10 SECTION 2 PREVENTATIVE MEASURES 2.4 RELEASE RESPONSE EQUIPMENT The contractor will supply two spill prevention kits that can be used in the event of a spill, leak or other release. The spill prevention kits will be stored at contractor s laydown area. Each spill prevention kit will consist of the following: One 55-gallon drum, Two bags of absorbent, One bag of absorbent pads, One 400 square foot sheet of plastic sheeting, Two short handled shovels, One tyvek suit and booties Two pair of nitrile gloves, and Two pair of safety goggles. In addition, the contractor shall provide a more portable, 20 gallon spill prevention kit for each refueling truck. These kits shall contain: :(25) 17" X 19" white oil-only Sonic Bonded pads, (4) 3" x 48" white oilonly socks, (2) 18" x 18" white oil-only pillows, (1) pair nitrile gloves, (1) pair goggles, (2) clear disposal bags, (3) bag ties, (1) 20 gallon over pack. Oil only products will soak up oil and repel water. The contractor s Spill Coordinator (Section 4.1) will make known to all personnel involved with the construction (foremen, laborers, and inspectors), the contractor s warehouse/trailer locations of the spill prevention kits. These spill prevention kits will be readily accessible during construction. During operation, two, portable spill prevention packs will be stored in the Operations and Maintenance Building. 2.5 EQUIPMENT INSPECTION Prior to moving any equipment onto the construction site, the contractor will visually inspect each piece of equipment for cracks, excessive corrosion, or other flaws that may compromise the integrity of its fuel, hydraulic, or cooling systems. The contractor will repair or replace leaking equipment immediately after a leak is detected and will be responsible for prompt reporting and mitigation of any fuel or lubricant spills from their equipment. 2-3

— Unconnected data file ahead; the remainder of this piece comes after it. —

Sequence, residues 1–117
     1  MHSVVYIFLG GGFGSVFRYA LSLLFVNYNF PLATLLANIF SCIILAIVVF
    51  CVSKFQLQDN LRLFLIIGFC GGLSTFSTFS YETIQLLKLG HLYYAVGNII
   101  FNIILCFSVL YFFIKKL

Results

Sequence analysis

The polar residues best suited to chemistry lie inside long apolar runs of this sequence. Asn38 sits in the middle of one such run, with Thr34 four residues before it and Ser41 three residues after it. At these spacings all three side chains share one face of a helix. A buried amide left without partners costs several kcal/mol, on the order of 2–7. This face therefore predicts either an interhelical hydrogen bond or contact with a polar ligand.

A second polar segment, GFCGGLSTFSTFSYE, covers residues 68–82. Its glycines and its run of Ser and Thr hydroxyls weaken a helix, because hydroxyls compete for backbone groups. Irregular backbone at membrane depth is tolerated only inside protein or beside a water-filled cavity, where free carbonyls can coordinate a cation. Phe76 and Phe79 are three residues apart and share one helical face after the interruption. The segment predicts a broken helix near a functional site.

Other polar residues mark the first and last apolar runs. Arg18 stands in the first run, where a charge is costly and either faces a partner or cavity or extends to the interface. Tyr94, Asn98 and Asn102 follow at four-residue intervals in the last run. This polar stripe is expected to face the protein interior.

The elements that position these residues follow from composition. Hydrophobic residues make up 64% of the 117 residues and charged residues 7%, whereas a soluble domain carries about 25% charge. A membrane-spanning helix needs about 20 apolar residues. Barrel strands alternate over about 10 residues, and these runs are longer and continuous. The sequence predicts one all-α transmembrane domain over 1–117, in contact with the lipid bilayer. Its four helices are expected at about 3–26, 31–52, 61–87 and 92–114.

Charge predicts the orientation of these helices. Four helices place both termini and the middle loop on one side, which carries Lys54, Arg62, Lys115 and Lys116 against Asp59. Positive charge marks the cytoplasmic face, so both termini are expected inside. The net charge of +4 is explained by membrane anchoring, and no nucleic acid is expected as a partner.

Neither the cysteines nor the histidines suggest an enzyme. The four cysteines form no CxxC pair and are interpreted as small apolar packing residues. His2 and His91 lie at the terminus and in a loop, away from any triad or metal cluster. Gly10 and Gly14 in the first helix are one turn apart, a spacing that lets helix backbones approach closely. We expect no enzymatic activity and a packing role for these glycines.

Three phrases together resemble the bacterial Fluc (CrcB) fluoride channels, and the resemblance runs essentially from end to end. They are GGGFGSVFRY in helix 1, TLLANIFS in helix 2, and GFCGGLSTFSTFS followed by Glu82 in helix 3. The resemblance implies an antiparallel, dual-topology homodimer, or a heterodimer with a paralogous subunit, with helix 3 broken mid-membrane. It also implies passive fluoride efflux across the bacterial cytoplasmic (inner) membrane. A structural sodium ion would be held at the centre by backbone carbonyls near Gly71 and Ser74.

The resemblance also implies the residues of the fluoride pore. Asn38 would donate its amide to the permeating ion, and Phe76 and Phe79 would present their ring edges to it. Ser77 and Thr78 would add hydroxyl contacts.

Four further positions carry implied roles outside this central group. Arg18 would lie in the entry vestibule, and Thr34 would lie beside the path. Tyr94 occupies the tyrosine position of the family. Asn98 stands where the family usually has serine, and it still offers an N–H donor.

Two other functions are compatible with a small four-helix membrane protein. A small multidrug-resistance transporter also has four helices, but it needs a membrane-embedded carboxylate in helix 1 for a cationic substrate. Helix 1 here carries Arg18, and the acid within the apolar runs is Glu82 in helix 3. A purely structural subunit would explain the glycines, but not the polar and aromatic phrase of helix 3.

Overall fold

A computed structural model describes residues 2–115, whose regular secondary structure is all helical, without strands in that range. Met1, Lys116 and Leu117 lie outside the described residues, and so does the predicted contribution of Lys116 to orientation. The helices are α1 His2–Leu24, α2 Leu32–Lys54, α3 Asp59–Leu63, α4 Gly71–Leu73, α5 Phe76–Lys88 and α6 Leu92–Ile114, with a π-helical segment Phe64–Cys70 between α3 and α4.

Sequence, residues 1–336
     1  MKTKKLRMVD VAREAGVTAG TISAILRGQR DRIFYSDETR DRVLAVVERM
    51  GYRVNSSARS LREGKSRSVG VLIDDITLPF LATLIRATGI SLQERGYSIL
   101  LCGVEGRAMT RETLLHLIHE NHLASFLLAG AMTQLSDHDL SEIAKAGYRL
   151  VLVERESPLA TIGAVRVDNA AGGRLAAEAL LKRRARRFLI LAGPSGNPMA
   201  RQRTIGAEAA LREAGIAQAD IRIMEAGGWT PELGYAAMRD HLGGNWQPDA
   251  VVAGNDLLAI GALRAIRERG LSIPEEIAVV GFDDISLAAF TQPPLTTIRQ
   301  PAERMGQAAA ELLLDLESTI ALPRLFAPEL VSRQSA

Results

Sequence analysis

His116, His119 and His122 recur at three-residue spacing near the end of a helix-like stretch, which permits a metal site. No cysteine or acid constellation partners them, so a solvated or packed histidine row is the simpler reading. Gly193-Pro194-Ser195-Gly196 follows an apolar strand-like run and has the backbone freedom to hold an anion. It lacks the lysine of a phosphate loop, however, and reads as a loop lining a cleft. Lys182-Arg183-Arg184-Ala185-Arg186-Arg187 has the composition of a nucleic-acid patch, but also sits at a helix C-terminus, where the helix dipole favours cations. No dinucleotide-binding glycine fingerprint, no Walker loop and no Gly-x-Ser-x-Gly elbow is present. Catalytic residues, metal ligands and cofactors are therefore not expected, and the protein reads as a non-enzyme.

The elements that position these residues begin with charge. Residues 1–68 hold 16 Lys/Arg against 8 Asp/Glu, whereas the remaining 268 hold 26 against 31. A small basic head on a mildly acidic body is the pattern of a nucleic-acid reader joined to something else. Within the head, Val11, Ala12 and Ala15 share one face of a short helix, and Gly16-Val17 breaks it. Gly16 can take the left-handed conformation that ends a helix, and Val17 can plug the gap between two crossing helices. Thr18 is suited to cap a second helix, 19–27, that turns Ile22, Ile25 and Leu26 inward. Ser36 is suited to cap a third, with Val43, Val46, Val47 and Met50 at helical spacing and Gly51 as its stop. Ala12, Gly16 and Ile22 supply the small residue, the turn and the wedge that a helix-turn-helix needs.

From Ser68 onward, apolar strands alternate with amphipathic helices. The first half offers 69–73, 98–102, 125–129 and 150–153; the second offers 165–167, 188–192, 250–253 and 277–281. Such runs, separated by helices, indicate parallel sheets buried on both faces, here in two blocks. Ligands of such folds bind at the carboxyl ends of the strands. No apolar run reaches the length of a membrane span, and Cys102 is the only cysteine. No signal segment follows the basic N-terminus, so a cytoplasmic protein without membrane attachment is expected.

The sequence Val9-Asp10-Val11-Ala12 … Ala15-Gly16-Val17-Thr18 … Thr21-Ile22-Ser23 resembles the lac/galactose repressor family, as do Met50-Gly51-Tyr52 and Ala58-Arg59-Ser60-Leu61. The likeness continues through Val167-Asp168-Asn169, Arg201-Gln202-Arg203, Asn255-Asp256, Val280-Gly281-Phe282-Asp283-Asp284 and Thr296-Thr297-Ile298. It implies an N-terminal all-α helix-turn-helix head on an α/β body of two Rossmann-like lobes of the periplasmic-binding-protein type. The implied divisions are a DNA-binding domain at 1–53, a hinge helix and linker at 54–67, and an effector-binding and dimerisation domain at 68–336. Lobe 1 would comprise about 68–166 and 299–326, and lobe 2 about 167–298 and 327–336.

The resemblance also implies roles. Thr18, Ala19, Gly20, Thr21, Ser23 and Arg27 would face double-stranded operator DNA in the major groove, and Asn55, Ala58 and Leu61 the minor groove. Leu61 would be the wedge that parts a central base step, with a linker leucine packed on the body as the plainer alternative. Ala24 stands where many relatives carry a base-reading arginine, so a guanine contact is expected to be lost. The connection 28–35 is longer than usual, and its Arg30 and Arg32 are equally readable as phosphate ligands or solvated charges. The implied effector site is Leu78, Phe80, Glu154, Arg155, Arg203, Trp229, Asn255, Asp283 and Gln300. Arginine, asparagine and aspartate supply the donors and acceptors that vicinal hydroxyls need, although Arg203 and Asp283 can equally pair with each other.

11 SECTION 3 REGULATED MATERIALS STORAGE AND HANDLING SECTION 3 REGULATED MATERIALS STORAGE AND HANDLING 3.1 CONTRACTOR LAYDOWN AREAS Contractors and operations personnel will not store fuel onsite. Any other petroleum products, herbicides or hazardous materials at the contractor s laydown area will be stored in safe locations within secondary containment structures. Secondary containment systems normally consist of a bermed area lined with an impervious material to provide a minimum containment volume equal to 150 percent of the volume of the largest storage vessel contained within the bermed area. Spill kits will be stored in readily accessible areas for quick use in the event that they are needed by the construction personnel Hazardous liquids will not be stored in areas subject to periodic flooding or within 100 feet of jurisdictional water boundaries. All hazardous materials stored at either the construction laydown or staging area or the operations and maintenance building will be stored in secure (fenced) areas. Accumulated rainwater may be removed if authorized by an Environmental Inspector under specific situations. Specifically, if visual inspection indicates that no spillage has occurred in the containment structure and if no sheen is present on the accumulated rainwater. If spillage has occurred in the structure, accumulated wastewater will be drawn off and pumped into a storage vessel for proper disposal All fuel nozzles will be equipped with functional automatic shut-off valves. Drip trays and sorbent pads should be used during on-site re-fueling to minimize spills. Prior to departure of any fuel tank truck, all outlets on the vehicle will be examined by the driver for leakage and tightened, adjusted, or replaced to prevent leaking while in transit Routine equipment maintenance of wheel-mounted vehicles such as oil changes will be accomplished at the contractor yards or staging areas to the greatest extent practical. Routine maintenance of track-mounted equipment will be conducted in a manner to gather all oil and other discharges and removed from the project site to a suitable recycling or disposal site Storage containers will display labels that identify the contents of the container and whether the contents are hazardous. The contractor will provide and maintain copies on site of Material Safety Data Sheets (MSDS) for all materials accessible to all contractor personnel including subcontractor The contractor will provide, maintain, and make available the appropriate MSDS documents for all hazardous or controlled materials utilized on the project site or in the contractor s lay down area at an on-site location accessible to all contractor, subcontractor, and Chevron employees. 3.2 VEHICLE AND EQUIPMENT MAINTENANCE All vehicle and equipment maintenance on the project site involving fluid replacement will be conducted at least 100 feet away from the boundary restrictions for jurisdictional waters of the State. Before lubricants are drained from the construction equipment, a suitable containment vessel and plastic sheeting will be placed under the equipment to collect any spilled material. The contractor will take necessary precautions to ensure that material that might accumulate on the liner does not spill on the ground surface. Vehicle maintenance wastes, including used oils and other fluids, will be handled and managed by 3-1